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Regulation and the future of work: The employment relationship as an innovation facilitator

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  • Antonio ALOISI
  • Valerio DE STEFANO

Abstract

Digital transformation and the reorganization of the firm have given rise to new forms of work that diverge significantly from the standard employment relationship. Advocates of digital disruption suggest that the existing legal framework cannot accommodate “innovative” working templates and business models. This article, however, argues that labour regulation can continue to facilitate innovation, presenting the employment relationship as a flexible instrument, and standard forms of employment as the means of achieving efficiencies and cost advantages. First, they allow for the full exercise of managerial prerogative and attendant internal flexibility in workforce deployment, and, second, they constitute an effective device to deliver training and develop skills.

Suggested Citation

  • Antonio ALOISI & Valerio DE STEFANO, 2020. "Regulation and the future of work: The employment relationship as an innovation facilitator," International Labour Review, International Labour Organization, vol. 159(1), pages 47-69, March.
  • Handle: RePEc:bla:intlab:v:159:y:2020:i:1:p:47-69
    DOI: 10.1111/ilr.12160
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    2. Bakyt Beknazarov & Roza Niyazbekova & Ussen Amirseitov & Aiganym Kokenova & Marzhan Daurbayeva & Madina Aitkazina, 2020. "Development of entrepreneurship and forms of self-employment in the innovative sectors of the economy," Entrepreneurship and Sustainability Issues, VsI Entrepreneurship and Sustainability Center, vol. 8(2), pages 209-228, December.
    3. Valerio DE STEFANO, 2021. "Not as simple as it seems: The ILO and the personal scope of international labour standards," International Labour Review, International Labour Organization, vol. 160(3), pages 387-406, September.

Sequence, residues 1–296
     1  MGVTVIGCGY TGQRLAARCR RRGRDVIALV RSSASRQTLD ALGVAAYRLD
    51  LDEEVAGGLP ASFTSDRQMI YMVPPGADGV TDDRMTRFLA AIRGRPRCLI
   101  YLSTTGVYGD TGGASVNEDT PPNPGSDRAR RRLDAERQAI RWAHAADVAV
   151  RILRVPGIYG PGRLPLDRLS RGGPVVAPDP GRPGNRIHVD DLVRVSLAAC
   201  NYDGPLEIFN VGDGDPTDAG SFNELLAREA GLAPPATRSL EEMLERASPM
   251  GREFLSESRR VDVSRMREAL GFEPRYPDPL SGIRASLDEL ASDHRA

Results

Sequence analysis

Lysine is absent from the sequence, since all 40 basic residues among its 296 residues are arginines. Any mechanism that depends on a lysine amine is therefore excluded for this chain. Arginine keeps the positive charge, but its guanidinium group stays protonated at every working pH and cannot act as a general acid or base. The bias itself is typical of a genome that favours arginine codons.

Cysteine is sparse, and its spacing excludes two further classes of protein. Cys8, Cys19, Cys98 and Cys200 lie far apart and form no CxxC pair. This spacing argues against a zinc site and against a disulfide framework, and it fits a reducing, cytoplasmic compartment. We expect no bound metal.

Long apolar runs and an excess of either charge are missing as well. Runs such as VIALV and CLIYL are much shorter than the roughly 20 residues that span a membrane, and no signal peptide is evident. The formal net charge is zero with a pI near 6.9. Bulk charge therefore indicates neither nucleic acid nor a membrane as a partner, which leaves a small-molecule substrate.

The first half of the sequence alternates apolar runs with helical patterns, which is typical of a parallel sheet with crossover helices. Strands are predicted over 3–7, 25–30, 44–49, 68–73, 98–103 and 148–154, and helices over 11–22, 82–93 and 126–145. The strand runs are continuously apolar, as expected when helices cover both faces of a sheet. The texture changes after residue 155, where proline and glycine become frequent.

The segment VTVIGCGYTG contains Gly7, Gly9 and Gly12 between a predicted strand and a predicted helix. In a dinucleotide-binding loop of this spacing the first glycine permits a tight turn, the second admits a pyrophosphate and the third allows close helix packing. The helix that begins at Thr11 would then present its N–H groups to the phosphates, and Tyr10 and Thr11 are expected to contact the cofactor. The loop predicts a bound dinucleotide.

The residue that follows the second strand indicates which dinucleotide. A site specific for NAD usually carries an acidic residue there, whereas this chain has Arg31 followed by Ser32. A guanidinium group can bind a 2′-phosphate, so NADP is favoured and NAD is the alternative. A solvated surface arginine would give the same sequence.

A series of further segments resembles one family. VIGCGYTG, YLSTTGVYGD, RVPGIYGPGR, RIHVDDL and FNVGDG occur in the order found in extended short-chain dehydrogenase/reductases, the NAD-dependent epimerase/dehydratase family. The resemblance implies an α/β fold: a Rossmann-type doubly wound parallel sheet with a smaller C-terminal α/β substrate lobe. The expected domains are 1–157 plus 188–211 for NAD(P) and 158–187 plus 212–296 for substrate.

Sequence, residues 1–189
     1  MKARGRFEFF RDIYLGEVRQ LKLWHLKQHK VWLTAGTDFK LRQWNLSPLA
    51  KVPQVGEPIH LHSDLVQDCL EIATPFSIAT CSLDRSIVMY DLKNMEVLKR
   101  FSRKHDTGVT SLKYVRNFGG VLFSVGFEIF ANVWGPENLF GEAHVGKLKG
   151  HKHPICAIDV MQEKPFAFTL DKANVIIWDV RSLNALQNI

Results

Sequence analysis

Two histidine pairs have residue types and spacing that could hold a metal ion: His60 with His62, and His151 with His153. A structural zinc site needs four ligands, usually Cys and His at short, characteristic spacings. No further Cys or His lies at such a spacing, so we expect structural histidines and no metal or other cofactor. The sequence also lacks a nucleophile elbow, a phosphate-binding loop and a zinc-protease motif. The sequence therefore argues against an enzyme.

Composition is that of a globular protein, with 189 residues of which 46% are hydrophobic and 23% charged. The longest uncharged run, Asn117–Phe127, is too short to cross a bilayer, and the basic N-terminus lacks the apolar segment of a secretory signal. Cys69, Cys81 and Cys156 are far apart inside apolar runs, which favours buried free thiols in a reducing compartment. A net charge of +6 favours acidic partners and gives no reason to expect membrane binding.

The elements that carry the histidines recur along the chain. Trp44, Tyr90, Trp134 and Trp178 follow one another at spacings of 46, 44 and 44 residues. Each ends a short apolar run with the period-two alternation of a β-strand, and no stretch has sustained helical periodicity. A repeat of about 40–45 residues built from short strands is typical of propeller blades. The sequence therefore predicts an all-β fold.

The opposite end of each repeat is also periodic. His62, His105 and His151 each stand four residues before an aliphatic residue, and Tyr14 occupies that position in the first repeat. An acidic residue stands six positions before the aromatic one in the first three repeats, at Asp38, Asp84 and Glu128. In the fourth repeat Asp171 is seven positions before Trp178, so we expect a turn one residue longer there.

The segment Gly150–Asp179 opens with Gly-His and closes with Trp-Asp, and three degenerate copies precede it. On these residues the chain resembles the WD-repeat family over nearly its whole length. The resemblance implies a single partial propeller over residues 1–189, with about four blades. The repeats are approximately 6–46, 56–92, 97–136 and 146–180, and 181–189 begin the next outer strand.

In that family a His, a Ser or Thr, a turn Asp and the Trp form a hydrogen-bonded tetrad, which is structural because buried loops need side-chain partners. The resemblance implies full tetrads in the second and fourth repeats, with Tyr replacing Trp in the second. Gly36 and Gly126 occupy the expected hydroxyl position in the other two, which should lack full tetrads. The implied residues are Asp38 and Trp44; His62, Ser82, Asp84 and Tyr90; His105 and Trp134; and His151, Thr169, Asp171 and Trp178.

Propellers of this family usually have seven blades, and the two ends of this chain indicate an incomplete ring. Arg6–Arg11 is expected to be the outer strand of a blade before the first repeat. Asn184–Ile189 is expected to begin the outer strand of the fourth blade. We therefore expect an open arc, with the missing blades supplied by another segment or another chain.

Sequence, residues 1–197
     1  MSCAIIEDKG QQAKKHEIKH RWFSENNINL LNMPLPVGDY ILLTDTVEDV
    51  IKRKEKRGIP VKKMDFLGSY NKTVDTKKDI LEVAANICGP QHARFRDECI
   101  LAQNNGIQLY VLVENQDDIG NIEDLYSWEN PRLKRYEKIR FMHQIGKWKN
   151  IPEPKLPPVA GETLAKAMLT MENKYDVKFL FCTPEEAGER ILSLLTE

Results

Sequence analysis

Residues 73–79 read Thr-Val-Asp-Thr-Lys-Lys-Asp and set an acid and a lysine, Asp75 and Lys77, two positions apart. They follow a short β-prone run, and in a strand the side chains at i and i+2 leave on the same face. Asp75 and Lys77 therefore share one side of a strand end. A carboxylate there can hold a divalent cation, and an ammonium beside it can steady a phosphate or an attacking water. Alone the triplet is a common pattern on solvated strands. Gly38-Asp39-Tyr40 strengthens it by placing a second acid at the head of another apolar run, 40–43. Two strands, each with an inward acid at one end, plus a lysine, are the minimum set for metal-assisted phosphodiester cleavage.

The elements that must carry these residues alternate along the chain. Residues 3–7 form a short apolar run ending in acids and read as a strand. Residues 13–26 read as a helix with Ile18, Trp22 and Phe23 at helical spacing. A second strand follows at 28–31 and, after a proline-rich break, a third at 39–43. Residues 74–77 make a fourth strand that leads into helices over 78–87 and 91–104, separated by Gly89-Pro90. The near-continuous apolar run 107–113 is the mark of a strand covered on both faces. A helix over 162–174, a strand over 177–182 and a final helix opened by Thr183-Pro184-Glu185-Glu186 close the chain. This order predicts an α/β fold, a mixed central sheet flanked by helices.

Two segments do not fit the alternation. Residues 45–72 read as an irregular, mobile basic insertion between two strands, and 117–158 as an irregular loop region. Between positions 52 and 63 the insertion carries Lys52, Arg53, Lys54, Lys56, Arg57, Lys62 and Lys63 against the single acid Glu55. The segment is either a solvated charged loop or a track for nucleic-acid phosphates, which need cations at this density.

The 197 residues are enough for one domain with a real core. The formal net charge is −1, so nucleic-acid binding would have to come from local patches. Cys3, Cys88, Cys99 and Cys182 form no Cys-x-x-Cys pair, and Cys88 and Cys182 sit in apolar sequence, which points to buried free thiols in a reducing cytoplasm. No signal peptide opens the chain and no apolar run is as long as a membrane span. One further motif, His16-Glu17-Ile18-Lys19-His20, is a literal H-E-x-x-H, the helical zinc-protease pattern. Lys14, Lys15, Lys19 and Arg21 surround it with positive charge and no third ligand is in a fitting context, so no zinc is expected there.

4. Paola Tubaro & Antonio A. Casilli & Marion Coville, 2020. "The trainer, the verifier, the imitator: Three ways in which human platform workers support artificial intelligence," Post-Print hal-02554196, HAL.
    5. Melián-González, Santiago, 2022. "Gig economy delivery services versus professional service companies: Consumers’ perceptions of food-delivery services," Technology in Society, Elsevier, vol. 69(C).
    6. Norlander, Peter & Erickson, Christopher, 2022. "The Role of Institutions in Job Teleworkability Before and After the Covid-19 Pandemic," GLO Discussion Paper Series 1172, Global Labor Organization (GLO).
    7. Jacek Lewkowicz & Anna Lewczuk, 2022. "Innovation through Collaboration," Journal of Economics / Ekonomicky casopis, Institute of Economic Research, Slovak Academy of Sciences, vol. 70(1), pages 36-56, January.
    8. Rolf, Steven & O'Reilly, Jacqueline & Meryon, Marc, 2022. "Towards privatized social and employment protections in the platform economy? Evidence from the UK courier sector," Research Policy, Elsevier, vol. 51(5).
    9. Moshfique Uddin & Anup Chowdhury & Geoffrey Wood, 2022. "The resilience of the British and European goods industry: Challenge of Brexit," Industrial and Corporate Change, Oxford University Press, vol. 31(4), pages 934-954.

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